The "perfect storm" of dangerous psychology, which Ronni mentions, is a good way to describe my use of the term the "dark triad" which I have borrowed and adapted from some very technical psychological research. The dark triad is a name for this linkage of three traits that are closely related but also distinctive: Machiavellianism, narcissism, and psychopathy. One could say extreme manipulativeness, a malignant form of self-centeredness and psychopathy.
Although Ronni quotes me, I like her description: "Psychopaths, we know about. Daumer. Bundy. Duncan. These "cold killing machines" who have no empathy. The thing about Peterson that didn't fit this label was the fact that he had never been in trouble before. Psychopaths tend to get in trouble with the law early in life, and stay that way. Not all of them, of course, but most. The narcissist, on the other hand, is not usually a killer. He likes to reinvent himself, and he needs a constant supply of adoration and positive reinforcement, but his usual pattern is to just disappear when the supply dries up. However, when Machiavellianism is added to the mix. The Machiavellian is a master manipulator."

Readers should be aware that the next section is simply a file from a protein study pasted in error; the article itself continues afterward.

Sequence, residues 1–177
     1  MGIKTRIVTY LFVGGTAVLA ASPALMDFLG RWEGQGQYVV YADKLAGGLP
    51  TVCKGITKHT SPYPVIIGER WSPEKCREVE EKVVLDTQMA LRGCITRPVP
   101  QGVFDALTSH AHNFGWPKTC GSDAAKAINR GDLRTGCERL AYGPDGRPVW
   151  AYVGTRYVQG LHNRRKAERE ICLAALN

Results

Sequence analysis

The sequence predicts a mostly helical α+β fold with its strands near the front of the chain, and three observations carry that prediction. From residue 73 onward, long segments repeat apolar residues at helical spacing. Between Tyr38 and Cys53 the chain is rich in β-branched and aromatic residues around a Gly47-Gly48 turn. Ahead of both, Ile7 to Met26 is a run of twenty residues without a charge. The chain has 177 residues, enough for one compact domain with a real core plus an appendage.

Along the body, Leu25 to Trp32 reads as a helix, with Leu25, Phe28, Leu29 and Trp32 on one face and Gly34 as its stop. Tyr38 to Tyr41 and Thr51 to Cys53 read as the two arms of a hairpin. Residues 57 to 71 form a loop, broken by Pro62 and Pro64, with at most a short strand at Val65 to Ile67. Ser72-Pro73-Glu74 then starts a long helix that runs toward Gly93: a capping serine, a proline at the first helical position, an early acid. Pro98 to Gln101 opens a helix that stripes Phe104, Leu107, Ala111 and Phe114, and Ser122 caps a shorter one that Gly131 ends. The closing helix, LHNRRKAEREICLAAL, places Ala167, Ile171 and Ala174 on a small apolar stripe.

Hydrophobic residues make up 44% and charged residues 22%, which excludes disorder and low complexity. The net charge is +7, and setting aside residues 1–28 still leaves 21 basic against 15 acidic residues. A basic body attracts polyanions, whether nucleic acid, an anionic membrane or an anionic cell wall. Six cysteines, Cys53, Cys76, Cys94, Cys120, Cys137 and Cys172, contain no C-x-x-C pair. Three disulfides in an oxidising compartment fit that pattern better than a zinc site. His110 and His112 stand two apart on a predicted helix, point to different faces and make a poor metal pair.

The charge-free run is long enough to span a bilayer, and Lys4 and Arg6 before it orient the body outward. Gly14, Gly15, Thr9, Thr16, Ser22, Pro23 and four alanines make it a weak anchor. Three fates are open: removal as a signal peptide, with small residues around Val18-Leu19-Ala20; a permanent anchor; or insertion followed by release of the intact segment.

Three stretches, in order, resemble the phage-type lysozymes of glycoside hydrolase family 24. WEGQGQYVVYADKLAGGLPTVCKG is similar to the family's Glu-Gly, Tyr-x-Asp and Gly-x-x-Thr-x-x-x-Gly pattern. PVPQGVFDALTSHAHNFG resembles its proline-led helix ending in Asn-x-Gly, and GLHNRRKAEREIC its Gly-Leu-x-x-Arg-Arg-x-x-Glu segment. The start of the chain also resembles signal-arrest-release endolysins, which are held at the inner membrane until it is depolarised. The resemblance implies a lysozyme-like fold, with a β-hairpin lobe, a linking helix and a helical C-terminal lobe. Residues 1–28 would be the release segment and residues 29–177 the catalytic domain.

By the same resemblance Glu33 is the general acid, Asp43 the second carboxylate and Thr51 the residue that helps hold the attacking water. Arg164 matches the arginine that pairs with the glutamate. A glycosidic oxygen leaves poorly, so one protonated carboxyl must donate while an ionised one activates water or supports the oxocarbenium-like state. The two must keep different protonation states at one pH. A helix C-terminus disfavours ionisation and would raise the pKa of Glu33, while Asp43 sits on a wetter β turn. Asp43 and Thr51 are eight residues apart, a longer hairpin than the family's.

Cases in my book which explore in detail these traits include Scott Peterson (of course), L. Ewing Scott (made his wife 'disappear' in mid-fifties Los Angeles), Perry March (Nashville), Robert Durst, John David Smith (husband of Fran Gladden Smith of New Jersey), Justin Barber, and many others.